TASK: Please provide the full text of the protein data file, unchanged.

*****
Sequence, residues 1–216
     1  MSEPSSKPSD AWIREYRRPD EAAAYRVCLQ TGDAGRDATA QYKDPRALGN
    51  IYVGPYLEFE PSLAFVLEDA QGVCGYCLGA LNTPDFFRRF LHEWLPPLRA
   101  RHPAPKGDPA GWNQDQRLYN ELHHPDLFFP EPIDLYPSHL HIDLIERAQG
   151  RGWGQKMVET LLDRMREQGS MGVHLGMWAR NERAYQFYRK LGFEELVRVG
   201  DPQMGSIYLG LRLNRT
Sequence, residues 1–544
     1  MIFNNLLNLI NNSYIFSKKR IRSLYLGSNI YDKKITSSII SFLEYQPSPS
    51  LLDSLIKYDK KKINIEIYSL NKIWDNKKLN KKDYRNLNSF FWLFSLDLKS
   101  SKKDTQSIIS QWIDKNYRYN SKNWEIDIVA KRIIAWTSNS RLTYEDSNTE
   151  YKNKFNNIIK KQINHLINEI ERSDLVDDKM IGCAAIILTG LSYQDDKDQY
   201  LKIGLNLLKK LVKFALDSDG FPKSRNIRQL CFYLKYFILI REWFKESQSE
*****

Sequence, residues 1–216
     1  MSEPSSKPSD AWIREYRRPD EAAAYRVCLQ TGDAGRDATA QYKDPRALGN
    51  IYVGPYLEFE PSLAFVLEDA QGVCGYCLGA LNTPDFFRRF LHEWLPPLRA
   101  RHPAPKGDPA GWNQDQRLYN ELHHPDLFFP EPIDLYPSHL HIDLIERAQG
   151  RGWGQKMVET LLDRMREQGS MGVHLGMWAR NERAYQFYRK LGFEELVRVG
   201  DPQMGSIYLG LRLNRT
Sequence, residues 1–544
     1  MIFNNLLNLI NNSYIFSKKR IRSLYLGSNI YDKKITSSII SFLEYQPSPS
    51  LLDSLIKYDK KKINIEIYSL NKIWDNKKLN KKDYRNLNSF FWLFSLDLKS
   101  SKKDTQSIIS QWIDKNYRYN SKNWEIDIVA KRIIAWTSNS RLTYEDSNTE
   151  YKNKFNNIIK KQINHLINEI ERSDLVDDKM IGCAAIILTG LSYQDDKDQY
   201  LKIGLNLLKK LVKFALDSDG FPKSRNIRQL CFYLKYFILI REWFKESQSE